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Fromont and Risler — Volume 1 by Alphonse Daudet
page 2 of 87 (02%)
Decidedly, Daudet belonged to the Realistic School. But, above all, he
was an impressionist. All that can be observed--the individual picture,
scene, character--Daudet will render with wonderful accuracy, and all his
novels, especially those written after 1870, show an increasing firmness
of touch, limpidity of style, and wise simplicity in the use of the
sources of pathetic emotion, such as befit the cautious Naturalist.
Daudet wrote stories, but he had to be listened to. Feverish as his
method of writing was--true to his Southern character he took endless
pains to write well, revising every manuscript three times over from
beginning to end. He wrote from the very midst of the human comedy; and
it is from this that he seems at times to have caught the bodily warmth
and the taste of the tears and the very ring of the laughter of men and
women. In the earlier novels, perhaps, the transitions from episode to
episode or from scene to scene are often abrupt, suggesting the manner of
the Goncourts. But to Zola he forms an instructive contrast, of the same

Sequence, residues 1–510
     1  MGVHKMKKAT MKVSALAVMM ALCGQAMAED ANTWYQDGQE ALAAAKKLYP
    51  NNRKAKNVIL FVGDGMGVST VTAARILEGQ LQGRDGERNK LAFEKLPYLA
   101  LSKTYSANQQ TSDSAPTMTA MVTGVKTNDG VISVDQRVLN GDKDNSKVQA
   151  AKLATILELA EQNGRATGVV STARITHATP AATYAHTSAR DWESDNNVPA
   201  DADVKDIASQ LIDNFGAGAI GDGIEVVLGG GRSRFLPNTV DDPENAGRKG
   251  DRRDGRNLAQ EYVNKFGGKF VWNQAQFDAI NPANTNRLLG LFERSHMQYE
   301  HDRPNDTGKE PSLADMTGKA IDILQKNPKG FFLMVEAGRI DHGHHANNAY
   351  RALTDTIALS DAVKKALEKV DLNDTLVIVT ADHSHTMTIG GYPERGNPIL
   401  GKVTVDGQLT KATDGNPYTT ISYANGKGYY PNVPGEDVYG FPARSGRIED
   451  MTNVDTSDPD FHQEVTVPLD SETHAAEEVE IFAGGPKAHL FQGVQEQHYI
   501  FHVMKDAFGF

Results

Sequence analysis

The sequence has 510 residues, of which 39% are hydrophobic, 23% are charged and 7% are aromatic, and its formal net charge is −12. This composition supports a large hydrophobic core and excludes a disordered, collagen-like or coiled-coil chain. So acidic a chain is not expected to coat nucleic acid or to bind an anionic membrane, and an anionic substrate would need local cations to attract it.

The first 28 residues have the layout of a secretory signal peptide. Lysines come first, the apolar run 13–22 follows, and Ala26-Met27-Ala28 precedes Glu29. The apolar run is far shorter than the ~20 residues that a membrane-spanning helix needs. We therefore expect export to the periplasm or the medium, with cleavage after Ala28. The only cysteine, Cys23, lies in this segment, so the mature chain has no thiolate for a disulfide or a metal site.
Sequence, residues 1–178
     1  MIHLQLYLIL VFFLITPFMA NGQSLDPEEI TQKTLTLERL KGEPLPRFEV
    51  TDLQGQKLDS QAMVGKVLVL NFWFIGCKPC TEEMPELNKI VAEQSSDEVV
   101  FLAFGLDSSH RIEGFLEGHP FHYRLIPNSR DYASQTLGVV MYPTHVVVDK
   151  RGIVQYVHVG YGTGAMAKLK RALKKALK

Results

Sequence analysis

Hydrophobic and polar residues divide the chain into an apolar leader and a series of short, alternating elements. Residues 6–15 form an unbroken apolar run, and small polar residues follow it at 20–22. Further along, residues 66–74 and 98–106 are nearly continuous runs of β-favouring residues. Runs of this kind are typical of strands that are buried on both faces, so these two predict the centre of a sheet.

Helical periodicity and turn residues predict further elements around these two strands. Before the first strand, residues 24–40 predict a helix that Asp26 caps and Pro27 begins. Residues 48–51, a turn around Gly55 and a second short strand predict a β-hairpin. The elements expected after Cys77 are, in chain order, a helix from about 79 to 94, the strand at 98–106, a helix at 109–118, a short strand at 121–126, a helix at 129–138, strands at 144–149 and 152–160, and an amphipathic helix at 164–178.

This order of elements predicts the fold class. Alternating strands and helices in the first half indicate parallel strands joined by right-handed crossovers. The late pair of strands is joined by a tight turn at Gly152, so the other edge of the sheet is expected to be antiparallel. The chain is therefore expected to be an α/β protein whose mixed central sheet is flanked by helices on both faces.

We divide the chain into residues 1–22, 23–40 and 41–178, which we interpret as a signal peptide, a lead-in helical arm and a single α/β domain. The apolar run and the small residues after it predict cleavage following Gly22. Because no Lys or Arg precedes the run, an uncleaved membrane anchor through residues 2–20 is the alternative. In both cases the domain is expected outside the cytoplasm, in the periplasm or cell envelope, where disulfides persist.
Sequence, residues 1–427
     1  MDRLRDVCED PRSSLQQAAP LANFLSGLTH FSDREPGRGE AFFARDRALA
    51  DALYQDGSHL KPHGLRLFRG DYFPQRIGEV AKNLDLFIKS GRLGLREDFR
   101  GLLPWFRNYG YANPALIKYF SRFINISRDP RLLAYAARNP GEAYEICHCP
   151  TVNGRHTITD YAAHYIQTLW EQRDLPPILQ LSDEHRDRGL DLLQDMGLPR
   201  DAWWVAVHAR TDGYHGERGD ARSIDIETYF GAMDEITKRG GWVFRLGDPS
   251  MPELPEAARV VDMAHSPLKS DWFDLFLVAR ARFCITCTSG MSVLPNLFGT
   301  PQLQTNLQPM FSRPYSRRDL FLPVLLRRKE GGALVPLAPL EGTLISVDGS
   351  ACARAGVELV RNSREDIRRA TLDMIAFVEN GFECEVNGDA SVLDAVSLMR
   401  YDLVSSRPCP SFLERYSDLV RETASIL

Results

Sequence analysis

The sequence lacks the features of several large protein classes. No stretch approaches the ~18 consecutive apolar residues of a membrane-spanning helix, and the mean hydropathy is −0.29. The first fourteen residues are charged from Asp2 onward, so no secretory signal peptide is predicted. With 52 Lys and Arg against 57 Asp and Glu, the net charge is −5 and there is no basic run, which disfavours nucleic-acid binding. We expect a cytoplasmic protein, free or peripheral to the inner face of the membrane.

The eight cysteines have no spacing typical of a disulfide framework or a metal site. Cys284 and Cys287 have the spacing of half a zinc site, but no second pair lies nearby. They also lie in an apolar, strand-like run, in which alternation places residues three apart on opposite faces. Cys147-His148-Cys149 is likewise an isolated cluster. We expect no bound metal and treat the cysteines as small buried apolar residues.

school, but not of the same family. Zola is methodical, Daudet
spontaneous. Zola works with documents, Daudet from the living fact.
Zola is objective, Daudet with equal scope and fearlessness shows more
personal feeling and hence more delicacy. And in style also Zola is
vast, architectural; Daudet slight, rapid, subtle, lively, suggestive.
And finally, in their philosophy of life, Zola may inspire a hate of vice
and wrong, but Daudet wins a love for what is good and true.

Alphonse Daudet was born in Nimes, Provence, May 13, 1840. His father
had been a well-to-do silk manufacturer, but, while Alphonse was still a
child, lost his property. Poverty compelled the son to seek the wretched
post of usher (pion) in a school at Alais. In November, 1857, he settled
in Paris and joined his almost equally penniless brother Ernest. The
autobiography, 'Le Petit Chose' (1868), gives graphic details about this
period. His first years of literary life were those of an industrious
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